Up until now everyone's been part time. I just tried to quit my day job to put more time into this and was put on "leave of absence" (West marine) Mike is winding down teaching for the season, so he'd going full time as well next week. Charles can't quit his day job yet.. Anyway we're hoping this'll speed things up. The plan is to have the tooling finished by September, 'cause that's when I loose Mike.

    -jim lee
  4. SheetWise
    Joined: Jul 2004
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    Location: Phoenix

    SheetWise All Beach -- No Water.

    I had no idea this process required so much manual labor. Have you considered using computer and laser to cut the wood -- rather than plans and a band saw? From what I'm seeing, a laser cutter would eliminate a whole lot of steps.
  5. jim lee
    Joined: Feb 2007
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    Location: Anacortes, WA

    jim lee Senior Member

    Well, there's a lot of ways to skin a cat..

    My first plan was to just have the entire thing 5 axis routed, seeing it comes from CAD system anyway. But.. Mike & Leif both wanted to do it the traditional way, said in the end this would actually be cheaper.

    It was my idea to glue the prints to the wood. I didn't want to wait for Mike to finish classes, so I just made things up as I went along to get going. It may not be the best way, but the results seem to be pretty good.

    What we are working on now are the foils that make this thing perform. Because of this I really want them as close to the print as possible. When we do the hull, things will loosen up. And, I'm assuming, by the time were doing the deck plug it'll be "Hey, this looks cool lets do it this way."

    The plan is to have the hull and Deck plug laser cut. There's services that will take a CAD drawing, slice up a strong back and stations then ship them to you. Leif has done this a few times and has a company he likes to use, so the plan is to use them.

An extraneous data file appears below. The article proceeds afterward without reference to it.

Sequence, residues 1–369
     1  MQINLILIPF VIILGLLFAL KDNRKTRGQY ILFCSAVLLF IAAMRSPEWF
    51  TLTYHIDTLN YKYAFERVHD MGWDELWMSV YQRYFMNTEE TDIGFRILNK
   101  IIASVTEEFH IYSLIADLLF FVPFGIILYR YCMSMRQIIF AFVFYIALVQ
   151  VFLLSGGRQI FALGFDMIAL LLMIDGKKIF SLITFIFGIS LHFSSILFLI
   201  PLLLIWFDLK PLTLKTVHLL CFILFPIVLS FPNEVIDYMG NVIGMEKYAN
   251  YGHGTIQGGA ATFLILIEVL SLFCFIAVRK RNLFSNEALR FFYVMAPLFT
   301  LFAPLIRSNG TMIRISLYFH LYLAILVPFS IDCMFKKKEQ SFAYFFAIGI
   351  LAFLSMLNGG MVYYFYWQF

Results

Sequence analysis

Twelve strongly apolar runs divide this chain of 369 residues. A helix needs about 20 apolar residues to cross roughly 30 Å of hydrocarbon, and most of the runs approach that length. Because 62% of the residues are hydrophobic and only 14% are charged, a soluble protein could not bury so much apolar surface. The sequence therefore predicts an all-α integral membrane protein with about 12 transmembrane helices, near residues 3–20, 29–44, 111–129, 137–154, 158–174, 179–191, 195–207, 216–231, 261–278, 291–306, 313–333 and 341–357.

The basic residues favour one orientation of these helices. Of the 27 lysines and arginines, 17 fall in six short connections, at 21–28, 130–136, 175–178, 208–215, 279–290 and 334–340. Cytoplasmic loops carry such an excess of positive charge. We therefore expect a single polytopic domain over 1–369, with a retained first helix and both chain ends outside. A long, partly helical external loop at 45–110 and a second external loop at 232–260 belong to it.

-jim lee
  6. rwatson
    Joined: Aug 2007
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    Location: Tasmania,Australia

    rwatson Senior Member

    Gawd - so much fine work for an 'entry level sailboat'. Its like you are building a rocket ship. I dont think 1/8" here or there will matter except to the purchasers ego.

    Got any advance orders yet?

  7. jim lee
    Joined: Feb 2007
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    Location: Anacortes, WA

    jim lee Senior Member

    Ran across this posting from about 5 years ago. Back when this project just started and we'd just begun in the boat building scene.

    Here's Dart #3 in lake Pontchartrain.


    The building of this boat was blogged on Sailing Anarchy

    We're now building #4 & #5 and there's a Blog about that as well. The owner of Dart #4 (From Hawaii) uses this blog to keep track of the build of his boat.

    Then we have a list of things our owners have accomplished and said with and about their Darts. Link

    Of course our www link for the Dart.

    Does anyone care? Who knows? But, after reading this thread again, I did want to show that; We did accomplish everything we set out to do.

    -jim lee